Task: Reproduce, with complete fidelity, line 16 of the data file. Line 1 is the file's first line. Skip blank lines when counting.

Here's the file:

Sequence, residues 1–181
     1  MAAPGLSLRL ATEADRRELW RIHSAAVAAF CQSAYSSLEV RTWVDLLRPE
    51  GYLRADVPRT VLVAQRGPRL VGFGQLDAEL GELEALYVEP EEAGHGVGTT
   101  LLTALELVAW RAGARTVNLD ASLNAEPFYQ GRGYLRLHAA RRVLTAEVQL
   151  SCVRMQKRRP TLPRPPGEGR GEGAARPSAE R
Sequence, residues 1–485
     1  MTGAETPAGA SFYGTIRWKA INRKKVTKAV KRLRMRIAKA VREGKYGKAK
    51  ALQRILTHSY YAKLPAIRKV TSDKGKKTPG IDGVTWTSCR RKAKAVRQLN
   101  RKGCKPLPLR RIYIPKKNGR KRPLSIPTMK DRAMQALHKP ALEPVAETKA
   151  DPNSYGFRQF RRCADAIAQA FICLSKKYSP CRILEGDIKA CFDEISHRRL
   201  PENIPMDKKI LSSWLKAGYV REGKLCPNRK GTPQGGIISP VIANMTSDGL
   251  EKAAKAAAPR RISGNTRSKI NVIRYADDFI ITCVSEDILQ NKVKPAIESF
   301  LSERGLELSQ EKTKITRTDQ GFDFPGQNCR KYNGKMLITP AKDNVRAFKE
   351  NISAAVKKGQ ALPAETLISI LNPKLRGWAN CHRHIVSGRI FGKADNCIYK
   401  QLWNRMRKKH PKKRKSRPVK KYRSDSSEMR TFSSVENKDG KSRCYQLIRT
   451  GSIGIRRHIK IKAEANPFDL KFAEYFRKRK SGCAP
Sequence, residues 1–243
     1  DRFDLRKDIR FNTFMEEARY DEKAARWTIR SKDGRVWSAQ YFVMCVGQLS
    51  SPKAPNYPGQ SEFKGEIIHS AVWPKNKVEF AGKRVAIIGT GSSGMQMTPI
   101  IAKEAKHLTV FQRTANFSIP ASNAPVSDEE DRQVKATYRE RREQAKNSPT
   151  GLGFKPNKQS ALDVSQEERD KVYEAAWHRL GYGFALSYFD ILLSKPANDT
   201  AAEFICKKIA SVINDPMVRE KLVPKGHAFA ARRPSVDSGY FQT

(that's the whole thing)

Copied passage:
   451  GSIGIRRHIK IKAEANPFDL KFAEYFRKRK SGCAP